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May 15, 2012
May 15, 2012
University of Chicago Medical Center President Sharon O'Keefe, a nationally recognized authority on hospital operations, health care quality and patient satisfaction, and the mother of a child with epilepsy, has been named to the board of Citizens United for Research in Epilepsy (CURE).
CURE was founded by parents of children with epilepsy who joined forces to spearhead the search for a cure by raising funds for research and increasing awareness of the disorder. The nonprofit organization has worked to establish epilepsy as a disease that merits crucial federal research funding. Since its inception in 1998, CURE has raised more than $18 million. CURE funds seed grants to explore new areas and collect the data necessary to apply for further funding from the National Institutes of Health (NIH). To date, CURE has supported 126 cutting-edge projects across the globe.
"Sharon O'Keefe has the professional skills, profound energy and personal commitment to bring a wealth of resources to our organization," said Susan Axelrod, chair and founding member of CURE and a past member of the NIH's National Advisory Neurological Disorders and Stroke Council. "She is a recognized leader in the hospital industry and works closely with the University of Chicago Medicine's nationally recognized programs in pediatric and adult epilepsy."
In people with epilepsy, the brain produces sudden bursts of electrical energy that can produce seizures that interfere with consciousness, movements or sensations. An estimated 2.2 million Americans have epilepsy, with approximately 150,000 new cases diagnosed in the United States each year, according to a recent report from the National Academy of Science's Institute of Medicine. That equals nearly 500 new cases every day. Approximately one in 26 people will develop epilepsy at some point in their lives, according to the report. The onset of epilepsy is highest in children and older adults.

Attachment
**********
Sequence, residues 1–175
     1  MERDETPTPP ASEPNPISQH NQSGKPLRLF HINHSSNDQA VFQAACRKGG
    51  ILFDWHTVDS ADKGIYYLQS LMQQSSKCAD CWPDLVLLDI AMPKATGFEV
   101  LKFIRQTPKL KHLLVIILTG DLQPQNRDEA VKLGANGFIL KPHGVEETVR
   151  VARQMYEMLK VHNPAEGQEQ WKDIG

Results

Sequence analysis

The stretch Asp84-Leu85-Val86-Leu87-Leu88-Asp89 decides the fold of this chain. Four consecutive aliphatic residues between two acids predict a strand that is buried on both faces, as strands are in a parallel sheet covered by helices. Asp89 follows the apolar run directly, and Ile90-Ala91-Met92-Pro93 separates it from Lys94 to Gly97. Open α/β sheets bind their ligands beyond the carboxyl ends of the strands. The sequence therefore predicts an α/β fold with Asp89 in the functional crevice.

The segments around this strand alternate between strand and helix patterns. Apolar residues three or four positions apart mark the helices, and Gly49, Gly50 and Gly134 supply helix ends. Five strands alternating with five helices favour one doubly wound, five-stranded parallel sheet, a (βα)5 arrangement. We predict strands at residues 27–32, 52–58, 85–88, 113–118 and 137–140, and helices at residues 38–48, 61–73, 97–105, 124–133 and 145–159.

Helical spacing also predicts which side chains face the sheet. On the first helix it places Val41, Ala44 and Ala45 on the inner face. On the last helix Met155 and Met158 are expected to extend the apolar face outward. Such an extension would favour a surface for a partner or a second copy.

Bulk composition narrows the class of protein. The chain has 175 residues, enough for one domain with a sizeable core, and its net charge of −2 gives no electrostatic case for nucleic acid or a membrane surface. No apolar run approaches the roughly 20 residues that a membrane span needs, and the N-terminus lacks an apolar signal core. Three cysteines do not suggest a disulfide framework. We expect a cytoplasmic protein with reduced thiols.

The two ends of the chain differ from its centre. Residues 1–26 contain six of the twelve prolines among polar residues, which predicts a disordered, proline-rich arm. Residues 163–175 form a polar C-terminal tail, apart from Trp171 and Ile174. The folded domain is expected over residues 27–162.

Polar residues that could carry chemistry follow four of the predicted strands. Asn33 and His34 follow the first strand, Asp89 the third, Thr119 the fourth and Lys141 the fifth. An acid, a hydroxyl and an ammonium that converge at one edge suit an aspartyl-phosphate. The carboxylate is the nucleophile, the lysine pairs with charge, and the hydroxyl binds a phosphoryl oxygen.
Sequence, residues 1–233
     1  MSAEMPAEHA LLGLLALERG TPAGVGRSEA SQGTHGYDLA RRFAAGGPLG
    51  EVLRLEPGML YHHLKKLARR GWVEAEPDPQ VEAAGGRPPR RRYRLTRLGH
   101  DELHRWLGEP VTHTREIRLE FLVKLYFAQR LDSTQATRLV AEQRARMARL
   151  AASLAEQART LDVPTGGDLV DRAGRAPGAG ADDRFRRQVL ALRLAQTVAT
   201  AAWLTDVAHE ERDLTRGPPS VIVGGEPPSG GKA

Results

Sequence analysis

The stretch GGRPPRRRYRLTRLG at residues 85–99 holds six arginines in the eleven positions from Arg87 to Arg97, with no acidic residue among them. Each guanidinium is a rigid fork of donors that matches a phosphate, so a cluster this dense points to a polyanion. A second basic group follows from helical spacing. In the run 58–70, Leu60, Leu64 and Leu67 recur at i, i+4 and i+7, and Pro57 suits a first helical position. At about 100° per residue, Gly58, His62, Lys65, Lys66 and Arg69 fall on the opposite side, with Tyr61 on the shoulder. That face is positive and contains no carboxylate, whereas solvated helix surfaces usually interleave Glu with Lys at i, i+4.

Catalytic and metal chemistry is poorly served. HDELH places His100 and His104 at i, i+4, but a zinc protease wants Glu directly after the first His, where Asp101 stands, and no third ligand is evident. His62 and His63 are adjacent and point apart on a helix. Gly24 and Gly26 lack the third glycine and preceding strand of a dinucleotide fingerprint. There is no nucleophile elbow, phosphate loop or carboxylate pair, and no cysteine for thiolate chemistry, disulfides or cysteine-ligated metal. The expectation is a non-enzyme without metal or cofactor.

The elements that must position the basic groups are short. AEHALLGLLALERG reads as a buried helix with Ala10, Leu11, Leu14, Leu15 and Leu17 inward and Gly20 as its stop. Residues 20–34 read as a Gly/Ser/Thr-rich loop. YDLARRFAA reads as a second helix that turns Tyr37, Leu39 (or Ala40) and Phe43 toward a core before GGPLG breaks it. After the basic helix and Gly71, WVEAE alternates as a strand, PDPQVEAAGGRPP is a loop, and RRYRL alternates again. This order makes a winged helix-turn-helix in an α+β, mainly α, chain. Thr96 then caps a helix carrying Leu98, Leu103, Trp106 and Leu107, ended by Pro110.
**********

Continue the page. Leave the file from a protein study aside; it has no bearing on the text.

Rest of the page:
"I have seen how epilepsy can disrupt the life and plans of patients and their families. Our daughter, now 17, was diagnosed at the age of 5," O'Keefe said. "I also have seen remarkable progress toward understanding this disease through innovative research. I am honored to have been selected to serve on the CURE board and look forward to this new role in helping speed up the pace of progress in understanding, treating and, we hope, curing this disorder."
A Chicago native, O'Keefe, 60, began her health care career as a nurse at Loyola University Medical Center, then moved into hospital administration, first at Johns Hopkins Hospital in Baltimore, then at Montefiore Medical Center in the Bronx in New York. From 1987 to 1989, she served as senior manager for health care at the accounting firm Ernst & Whinney (now Ernst & Young), where she developed a consulting practice focused on organizational design, operations improvement and large-scale change management.
She returned to hospital administration in 1989 and spent 10 years as senior vice president for operations at the University of Maryland Medical System in Baltimore, where she focused on clinical program development and customer satisfaction. Her efforts helped the medical system become the first health care organization to receive the U.S. Senate Productivity Award in 1997.
In 1999 she moved to Boston's Beth Israel Deaconess Medical Center, a teaching affiliate of Harvard Medical School. As executive vice president and chief operating officer, O'Keefe developed and implemented a financial recovery plan for the recently merged but financially challenged hospitals. In 2002, she became chief operating officer at Barnes-Jewish Hospital, consistently ranked as one of the top 10 hospitals in the United States. In April 2009, she became president of Loyola University Medical Center in Maywood, Ill., where she served until her appointment at the University of Chicago Medicine in February 2011.